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Why Tyson Fury split with trainer Ben Davison ahead of Deontay Wilder rematch

Kevin Iole
Combat columnist
Tyson Fury and Ben Davison are no longer working together, but remain friends. (Ethan Miller/Getty Images)

There would be no lucrative rematch with WBC champion Deontay Wilder for Tyson Fury were it not for Ben Davison. There may not even have been an initial bout between the two giants with claims to the heavyweight throne were it not for Davison.

Davison revealed on social media on Sunday that he’d split from Fury and would no longer train the lineal heavyweight champion, who fights Wilder in a rematch of their memorable 2018 bout on Feb. 22 in Las Vegas. On Monday, Fury announced that SugarHill Steward, the nephew of the late Hall of Fame trainer Emanuel Steward, would be in his corner for Wilder.

Fury was more than 400 pounds and not far away from a suicide attempt when he’d hooked up with Davison. With Davison’s guidance, he dropped 140 pounds, fought Wilder to a controversial draw and signed a big-dollar co-promotional agreement with Top Rank to fight in the U.S.

Davison was far more than a trainer, and actually working on strategy and teaching Fury technique were the least of his contributions. He is the guy who, quite literally, brought Fury back to life. 

He was there as much for the way he could help Fury with his mental health problems as he was for his boxing knowledge. Davison is 27 and doesn’t have the years of experience that someone like Freddie Roach brings to the corner. He is a perfectly competent trainer, but there are hundreds, if not thousands, of perfectly competent trainers.

Davison was the Fury whisperer, a guy who was there for Fury during the many rough patches in his life. Fury has been public with his mental health demons, and Davison is one of the key figures who helped him through that. It’s going to be something Fury has to fight all of his life, but he’s in a far better place now than he was in those dark days after he’d beaten Wladimir Klitschko in 2015 to become unified champion and began to think of taking his own life.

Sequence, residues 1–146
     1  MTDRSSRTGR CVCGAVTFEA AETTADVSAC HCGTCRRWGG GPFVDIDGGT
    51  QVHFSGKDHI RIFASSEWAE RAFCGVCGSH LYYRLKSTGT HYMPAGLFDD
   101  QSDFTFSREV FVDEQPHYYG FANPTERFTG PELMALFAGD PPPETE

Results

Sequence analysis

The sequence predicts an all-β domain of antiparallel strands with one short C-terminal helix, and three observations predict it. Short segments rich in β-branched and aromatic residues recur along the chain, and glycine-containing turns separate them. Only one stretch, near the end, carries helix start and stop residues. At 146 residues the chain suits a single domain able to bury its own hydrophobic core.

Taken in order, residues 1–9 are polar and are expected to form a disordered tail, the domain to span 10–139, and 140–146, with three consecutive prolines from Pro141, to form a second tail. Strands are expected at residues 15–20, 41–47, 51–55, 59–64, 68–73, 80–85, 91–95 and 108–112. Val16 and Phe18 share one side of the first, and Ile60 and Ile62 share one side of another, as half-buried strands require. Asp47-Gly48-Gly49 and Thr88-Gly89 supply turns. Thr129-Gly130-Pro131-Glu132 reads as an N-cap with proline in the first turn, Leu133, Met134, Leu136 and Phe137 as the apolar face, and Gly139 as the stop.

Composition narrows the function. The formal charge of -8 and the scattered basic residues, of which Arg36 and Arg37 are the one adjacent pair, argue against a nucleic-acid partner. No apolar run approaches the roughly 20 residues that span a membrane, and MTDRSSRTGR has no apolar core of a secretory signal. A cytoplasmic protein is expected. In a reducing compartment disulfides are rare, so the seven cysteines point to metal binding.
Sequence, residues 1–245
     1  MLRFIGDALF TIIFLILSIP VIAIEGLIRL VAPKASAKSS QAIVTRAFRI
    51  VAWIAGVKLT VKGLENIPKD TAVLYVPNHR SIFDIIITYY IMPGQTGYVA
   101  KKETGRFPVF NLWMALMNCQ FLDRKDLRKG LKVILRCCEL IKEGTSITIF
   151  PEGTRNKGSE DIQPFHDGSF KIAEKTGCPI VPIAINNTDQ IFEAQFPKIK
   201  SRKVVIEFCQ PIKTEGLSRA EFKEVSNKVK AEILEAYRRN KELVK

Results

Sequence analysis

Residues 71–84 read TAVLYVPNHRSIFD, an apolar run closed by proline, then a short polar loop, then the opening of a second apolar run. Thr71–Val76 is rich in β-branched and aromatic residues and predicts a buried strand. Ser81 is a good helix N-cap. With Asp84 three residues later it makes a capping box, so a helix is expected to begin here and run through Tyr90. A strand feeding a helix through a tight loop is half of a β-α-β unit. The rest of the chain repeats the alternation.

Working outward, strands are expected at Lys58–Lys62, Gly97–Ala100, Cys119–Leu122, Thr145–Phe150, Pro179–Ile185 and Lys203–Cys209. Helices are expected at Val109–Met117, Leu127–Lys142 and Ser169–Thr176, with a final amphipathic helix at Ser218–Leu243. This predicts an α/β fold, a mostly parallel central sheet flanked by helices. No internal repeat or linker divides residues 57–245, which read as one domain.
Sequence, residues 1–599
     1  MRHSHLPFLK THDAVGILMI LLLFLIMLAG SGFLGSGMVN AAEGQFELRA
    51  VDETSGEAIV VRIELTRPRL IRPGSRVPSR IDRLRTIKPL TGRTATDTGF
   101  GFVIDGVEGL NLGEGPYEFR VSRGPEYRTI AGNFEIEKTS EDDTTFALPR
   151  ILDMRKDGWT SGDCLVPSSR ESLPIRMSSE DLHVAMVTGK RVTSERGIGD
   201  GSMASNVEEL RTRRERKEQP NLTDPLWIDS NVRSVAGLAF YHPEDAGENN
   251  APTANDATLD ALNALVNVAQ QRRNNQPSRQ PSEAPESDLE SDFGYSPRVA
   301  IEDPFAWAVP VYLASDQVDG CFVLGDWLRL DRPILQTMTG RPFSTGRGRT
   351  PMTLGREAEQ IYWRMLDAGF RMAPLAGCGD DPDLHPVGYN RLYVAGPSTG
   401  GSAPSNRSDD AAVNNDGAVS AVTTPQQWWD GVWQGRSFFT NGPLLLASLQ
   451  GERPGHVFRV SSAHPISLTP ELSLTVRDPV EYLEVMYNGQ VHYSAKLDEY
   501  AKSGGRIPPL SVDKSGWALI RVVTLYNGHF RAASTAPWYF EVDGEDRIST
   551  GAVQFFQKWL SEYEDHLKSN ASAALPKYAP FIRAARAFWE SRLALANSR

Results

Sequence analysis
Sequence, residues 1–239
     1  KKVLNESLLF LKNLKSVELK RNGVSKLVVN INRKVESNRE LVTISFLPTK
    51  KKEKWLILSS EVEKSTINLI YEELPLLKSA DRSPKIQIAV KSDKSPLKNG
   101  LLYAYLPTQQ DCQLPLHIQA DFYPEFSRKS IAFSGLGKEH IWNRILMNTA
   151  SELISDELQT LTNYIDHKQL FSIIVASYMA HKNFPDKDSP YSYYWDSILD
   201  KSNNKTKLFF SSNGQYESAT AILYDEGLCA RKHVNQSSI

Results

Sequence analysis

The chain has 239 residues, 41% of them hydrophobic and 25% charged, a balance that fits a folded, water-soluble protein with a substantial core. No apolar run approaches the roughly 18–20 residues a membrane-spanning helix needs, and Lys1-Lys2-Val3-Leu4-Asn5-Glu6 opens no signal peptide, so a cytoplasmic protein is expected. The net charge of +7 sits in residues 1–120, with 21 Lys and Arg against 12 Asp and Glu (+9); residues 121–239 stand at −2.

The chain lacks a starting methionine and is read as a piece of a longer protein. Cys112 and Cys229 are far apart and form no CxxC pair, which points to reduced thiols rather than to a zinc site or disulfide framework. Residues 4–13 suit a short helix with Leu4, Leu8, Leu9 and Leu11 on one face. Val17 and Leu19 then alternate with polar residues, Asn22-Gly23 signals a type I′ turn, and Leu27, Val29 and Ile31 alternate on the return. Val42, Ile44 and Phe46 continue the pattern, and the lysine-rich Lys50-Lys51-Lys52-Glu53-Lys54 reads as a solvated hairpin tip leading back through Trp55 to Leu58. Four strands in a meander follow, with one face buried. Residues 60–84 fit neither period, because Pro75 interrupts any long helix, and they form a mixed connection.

He speaks publicly about his issues in a bid to help others face their problems. People are often reluctant to admit they have problems and need help, and Fury has tried to remove the stigma that surrounds them. One isn’t “nuts” simply because he/she suffers from depression or some other form of mental illness. 

Davison was there to support Fury and be an understanding voice and a watchful eye. He was the perfect trainer at the perfect spot in Fury’s life.

But as Fury has improved in that regard, he’s not in need of as much help as he was, and he’ll have former middleweight champion Andy Lee in his camp to serve that role.

Fury trained at the Kronk Gym in Detroit when Emanuel Steward was alive and got to know SugarHill from there. With his fight with Wilder essentially determining who is the world’s No. 1 heavyweight, it’s incumbent upon Fury to put together the best team possible.

He would have liked to have had Davison remain on as a No. 2, but Davison wasn’t interested in that. Davison is training Billy Joe Saunders and can now commit all of his attention to Saunders, who is in the running to be Canelo Alvarez’s next opponent.

Fury outboxed Wilder when they met on Dec. 1, 2018, in Los Angeles in a fight that ended as a split draw. One judge favored Fury, another had Wilder and the third had it even. Wilder’s knockdowns in the ninth and 12th rounds were what got him the points to earn the draw.

If Fury stays off the deck in the rematch, he’s almost certain to win by a wide margin. Fury is by far the better pure boxer and can win the fight by keeping a jab in Wilder’s face and keeping him at a distance where he can’t close the gap and land his powerful right.

Wilder is arguably the hardest puncher in boxing history, and is riding a wave of confidence heading into the rematch. He figures to be more dangerous in February than he was in 2018, so Fury needs to be comfortable that he’s doing all he can to be prepared to defuse those bombs headed in his direction.

If he feels Steward gives him the best chance to do that rather than Davison, then he needs Steward in his corner. The decision has nothing to do with Davison’s ability to train and all to do with Fury’s comfort.

Davison will go down in boxing lore for what he did with Fury, even if they never work together again. Bringing Fury back from the brink of death to within a single punch of the WBC belt is a monstrous achievement that won’t ever be forgotten.

He was that man for that time. SugarHill Steward is the man for the present.

Fury made the move that made the most sense for where he stands in his career at this stage, and no one should have a complaint or a second-guess about what he’s done.

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